Malls Aren’t What They Used to Be (and Maybe That's OK)

Department stores are out. Dining and entertainment are in. 

Author: Krista Garcia

June 21, 2018

US consumers' shopping behavior isn't as mall-centric as it once was, but declaring the death of traditional shopping centers might be a little premature. 

It’s true, merchants can no longer rely on traditional anchors—usually department stores—to attract crowds. According to Coresight Research, the number of full-line department stores will shrink to 4,750 by 2023, down 19.5% from 2017.

It's also true that ecommerce has forever changed consumer expectations. According to a May 2018 survey from Valassis, more than half of consumers do most of their shopping online. When asked why they choose not to shop at malls, respondents' top reasons were that ecommerce provides more options (40%), and that they want to avoid crowds or having to park (38%).

But people still go to the mall for many reasons, some unique to brick-and-mortar retail. Despite apparel sales shifting online, 60% of those polled prefer shopping in malls for clothing. Advantages of mall shopping cited include the ability to visit multiple stores (39%) and, notably, social aspects like spending time with family and friends (24%), as well as being able to make a day of a shopping excursion with on-site dining/entertainment (19%).

Brick-and-mortar retailers have been trying to tap into those social lures that can't be easily replicated online. Malls haven't been able to compete with the efficiency of ecommerce, and are using experiences like events and destination restaurants as a differentiator

Real estate firm Phillips Edison & Company released a set of retail trends at the International Council of Shopping Centers' RECon event in May 2018, and experiential retail, pop-ups, food halls and fast-casual dining made the list of five.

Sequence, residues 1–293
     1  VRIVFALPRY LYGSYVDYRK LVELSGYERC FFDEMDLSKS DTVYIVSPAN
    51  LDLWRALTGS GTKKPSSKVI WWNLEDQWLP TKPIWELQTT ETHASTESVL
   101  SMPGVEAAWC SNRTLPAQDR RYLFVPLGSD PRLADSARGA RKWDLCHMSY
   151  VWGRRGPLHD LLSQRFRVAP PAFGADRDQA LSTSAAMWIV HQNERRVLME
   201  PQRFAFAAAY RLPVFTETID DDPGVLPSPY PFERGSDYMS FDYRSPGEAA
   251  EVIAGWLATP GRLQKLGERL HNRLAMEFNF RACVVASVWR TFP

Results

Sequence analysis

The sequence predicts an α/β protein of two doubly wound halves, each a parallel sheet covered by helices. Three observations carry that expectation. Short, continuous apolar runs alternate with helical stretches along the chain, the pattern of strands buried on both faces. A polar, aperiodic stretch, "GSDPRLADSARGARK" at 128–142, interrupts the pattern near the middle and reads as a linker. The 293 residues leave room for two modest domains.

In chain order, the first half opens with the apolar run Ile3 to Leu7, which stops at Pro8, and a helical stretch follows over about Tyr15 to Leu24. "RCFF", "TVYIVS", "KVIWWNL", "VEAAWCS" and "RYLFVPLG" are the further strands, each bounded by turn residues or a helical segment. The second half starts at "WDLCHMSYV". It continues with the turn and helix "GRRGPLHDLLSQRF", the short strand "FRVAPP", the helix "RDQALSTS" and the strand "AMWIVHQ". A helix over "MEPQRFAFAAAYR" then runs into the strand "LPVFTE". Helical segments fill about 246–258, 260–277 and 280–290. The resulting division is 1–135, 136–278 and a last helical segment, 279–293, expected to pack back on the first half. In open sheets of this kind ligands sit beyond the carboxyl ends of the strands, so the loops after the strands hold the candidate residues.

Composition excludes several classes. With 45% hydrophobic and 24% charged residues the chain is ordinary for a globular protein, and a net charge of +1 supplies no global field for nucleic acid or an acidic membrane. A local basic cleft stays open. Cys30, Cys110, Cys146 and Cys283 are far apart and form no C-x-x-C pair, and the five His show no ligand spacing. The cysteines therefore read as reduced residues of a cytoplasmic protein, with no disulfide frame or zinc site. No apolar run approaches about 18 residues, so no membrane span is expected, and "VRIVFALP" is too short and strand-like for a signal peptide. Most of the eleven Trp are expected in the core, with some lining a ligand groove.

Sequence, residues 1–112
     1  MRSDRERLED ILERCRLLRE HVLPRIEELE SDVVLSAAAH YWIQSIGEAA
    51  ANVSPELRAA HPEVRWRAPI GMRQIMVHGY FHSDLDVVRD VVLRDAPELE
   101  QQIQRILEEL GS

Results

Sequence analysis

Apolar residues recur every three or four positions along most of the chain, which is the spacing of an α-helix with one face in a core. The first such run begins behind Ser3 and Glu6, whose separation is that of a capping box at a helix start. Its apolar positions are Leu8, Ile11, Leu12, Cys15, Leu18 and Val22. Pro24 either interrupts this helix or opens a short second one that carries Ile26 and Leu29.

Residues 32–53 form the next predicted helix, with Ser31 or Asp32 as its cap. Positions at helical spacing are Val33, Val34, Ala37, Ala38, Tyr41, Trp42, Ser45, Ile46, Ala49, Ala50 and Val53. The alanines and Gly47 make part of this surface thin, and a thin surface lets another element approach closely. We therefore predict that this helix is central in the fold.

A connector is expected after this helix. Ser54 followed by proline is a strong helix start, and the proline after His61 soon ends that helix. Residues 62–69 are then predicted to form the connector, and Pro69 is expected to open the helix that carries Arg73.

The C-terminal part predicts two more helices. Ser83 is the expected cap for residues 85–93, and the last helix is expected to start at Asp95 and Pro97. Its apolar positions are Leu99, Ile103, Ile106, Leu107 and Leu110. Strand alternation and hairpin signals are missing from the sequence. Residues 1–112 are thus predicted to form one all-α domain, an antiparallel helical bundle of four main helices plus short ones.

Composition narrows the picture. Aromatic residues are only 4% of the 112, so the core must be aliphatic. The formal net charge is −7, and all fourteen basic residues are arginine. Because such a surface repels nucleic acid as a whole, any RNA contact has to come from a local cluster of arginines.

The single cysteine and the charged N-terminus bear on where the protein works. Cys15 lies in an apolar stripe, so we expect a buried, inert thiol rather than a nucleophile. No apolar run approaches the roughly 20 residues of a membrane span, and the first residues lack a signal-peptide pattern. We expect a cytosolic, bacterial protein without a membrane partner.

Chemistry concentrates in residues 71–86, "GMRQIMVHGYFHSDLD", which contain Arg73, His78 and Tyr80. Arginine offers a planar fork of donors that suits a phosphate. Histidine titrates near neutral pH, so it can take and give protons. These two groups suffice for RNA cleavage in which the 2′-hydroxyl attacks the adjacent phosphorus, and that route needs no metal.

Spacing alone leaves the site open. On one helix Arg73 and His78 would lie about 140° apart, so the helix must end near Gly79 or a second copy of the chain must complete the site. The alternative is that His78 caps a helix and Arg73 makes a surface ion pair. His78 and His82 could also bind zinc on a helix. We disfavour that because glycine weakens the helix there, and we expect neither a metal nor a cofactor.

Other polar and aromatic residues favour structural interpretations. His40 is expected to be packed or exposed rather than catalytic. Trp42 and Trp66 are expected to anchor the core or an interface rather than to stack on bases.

In a Jones Lang LaSalle (JLL) study of malls that have been renovated since 2014, upgrading food and beverage options was the most popular strategy (41.1%). Focusing on entertainment (28.9%) was also a common tactic, while creating open spaces and parks (11.1%) and adding community and kids' spaces (8.9%) were done to a lesser degree. 

On the high end, Westfield Century City in Los Angeles spent $1 billion on renovations and opened the first West Coast location of Eataly, the massive Italian food hall. And Oakbrook Center in Illinois upgraded its AMC Theatres to feature reclining seats, in addition to creating a "Village Green" where it screens family-friendly movies outdoors. 

The shift to experiential retail follows the money. According to Coresight Research analysis, the share of US consumers' discretionary spending going toward goods declined from 50% in 2000 to 45.3% in 2017. Now, consumers are allocating more dollars to services like dining and entertainment, and by 2023, that growth will translate to $78 billion in spending.

When mall-avoiders were asked by Valassis what would win them over, 59% said better discounts. Offer-seeking behavior aside, 18% did say events and pop-up shops might make them change their tune.